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Publication numberUS3703016 A
Publication typeGrant
Publication dateNov 21, 1972
Filing dateOct 19, 1970
Priority dateOct 19, 1970
Publication numberUS 3703016 A, US 3703016A, US-A-3703016, US3703016 A, US3703016A
InventorsJohn B Rank, Melvin R Salkeld, Lester H Schramm
Original AssigneeRex Chainbelt Inc
Export CitationBiBTeX, EndNote, RefMan
External Links: USPTO, USPTO Assignment, Espacenet
Traversing bridge friction drive alignment control
US 3703016 A
Four wheels support a travelling bridge on parallel rails. One wheel at each end is driven by a motor and the power supply driving each motor is separately adjustable. The other two wheels are cylindrical and of the same nominal size and are journalled so that they roll freely in supporting the bridge on the rails.
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Description  (OCR text may contain errors)

United States Patent Schramm et al.

[451 Nov. 21, 1972 [54] TRAVERSING BRIDGE FRICTION DRIVE ALIGNMENT CONTROL [72] Inventors: Lester R. Schramm; John B. Rank,

both of Milwaukee; Melvin R. Salkeld, Brookfield, all of Wis.

[73] Assignee: Rex Chainbelt Inc., Milwaukee, Wis.

[22] Filed: Oct. 19, 1970 [21] App1.No.: 81,718

[52] U.S. C1. ..15/246.5, 15/93, 105/61, 105/163 SK, 212/21 [51] Int. Cl ..B61d 15/00, 1366c 17/26, F22b 37/48 [58] Field of Search ..15/246.5, 93; 104/50, 98; 105/61, 163 R, 163 S1(;212/18,21,22

[56] References Cited UNITED STATES PATENTS 3,362,039 l/1968 Bahr ..15/246.5 3,095,829 7/1963 Dehn ..105/163 R 1,181,300 5/1916 1,181,324 5/1916 ....105/61 1,882,325 10/1932 Kendall et a1 ..105/163 R 2,601,831 7/1952 Caillard ..104/50 3,473,185 10/1949 Bahr ..15/246.5

Primary Examiner-Gerald M. Forlenza Assistant Examiner-Howard Beltran Attorney-Ernst W. Schultz and Joseph J. Jochman,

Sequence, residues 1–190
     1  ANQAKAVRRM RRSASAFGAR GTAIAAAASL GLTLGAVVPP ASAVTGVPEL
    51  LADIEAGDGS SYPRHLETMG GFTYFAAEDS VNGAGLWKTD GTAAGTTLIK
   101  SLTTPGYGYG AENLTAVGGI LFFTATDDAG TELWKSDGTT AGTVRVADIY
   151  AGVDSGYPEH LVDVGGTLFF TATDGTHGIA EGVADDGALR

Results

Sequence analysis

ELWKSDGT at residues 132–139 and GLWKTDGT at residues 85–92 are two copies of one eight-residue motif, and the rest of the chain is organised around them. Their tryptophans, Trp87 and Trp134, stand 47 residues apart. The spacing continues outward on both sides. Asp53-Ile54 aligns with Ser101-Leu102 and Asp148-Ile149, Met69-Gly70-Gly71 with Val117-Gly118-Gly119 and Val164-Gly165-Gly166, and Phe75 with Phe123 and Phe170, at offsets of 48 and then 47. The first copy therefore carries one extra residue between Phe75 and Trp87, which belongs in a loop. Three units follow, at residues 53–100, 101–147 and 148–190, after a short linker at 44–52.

[57] ABSTRACT Four wheels support a travelling bridge on parallel rails. One wheel at each end is driven by a motor and the power supply driving each motor is separately adjustable. The other two wheels are cylindrical and of the same nominal size and are journalled so that they roll freely in supporting the bridge on the rails.

Relative rotation of the two cylindrical wheels indicating bridge misalignment adjusts the two power supplies to correct such misalignment. If the misalignment of skewing is due to an off-centered load encountered by the bridge, the corresponding adjustments of the torque outputs of the motors compensate for such a load. If the overload is too great, the increased skew angle will then reach the limits which shut off the power supply.

7 Claims, 2 Drawing Figures TRAVERSING BRIDGE FRICTION DRIVE ALIGNMENT CONTROL BACKGROUND OF THE INVENTION The present invention was developed for the scraping and skimming apparatus of extra wide rectangular water treatment tanks. Such apparatus is carried for reciprocation by a bridge which extends over the width of the tank and moves the length of the tank. The bridge considered by itself moves sidewardly. However, the scraping and skimming are generally in opposite directions respectively referred to as the forward and return directions.

In such tanks, a heavy object or settled material which has accumulated nearer one side or the other of the tank may present to the bridge a considerable offcentered load or resistance to its movement. The drive and support means for the bridge must be able to overcome such loads and maintain the bridge in alignment as it pushes the object or the material toward one end of the tank, or must be sufficiently responsive to shut off the power supply so that structural damage is avoided.

The wheels of a short-span bridge are provided with flanges for limiting misalignment of the bridge, that is, so the bridge is always relatively normal, or at right angles, to the rails. Short-span bridges have a distance between rails which is a small number of times the distance between the two wheels supporting each end of the bridge. The flanges of the four wheels will maintain such alignment adequately, as well as keep the bridge centered or on the rails.

In the design ofa bridge for a very wide tank, flanges are provided, of course, to keep the wheels on the rails, but they allow too much skewing and other positive means for keeping the bridge aligned also must be provided. Such means may be direct operating cog wheels or linear sensing devices such as tape lines operating on reels.

None of these means are entirely satisfactory for all seasons, especially under winter icing conditions. Also, a drive shaft having to extend the length of a bridge in the order of 100 feet is itself a considerable complication as well as having weight and cost.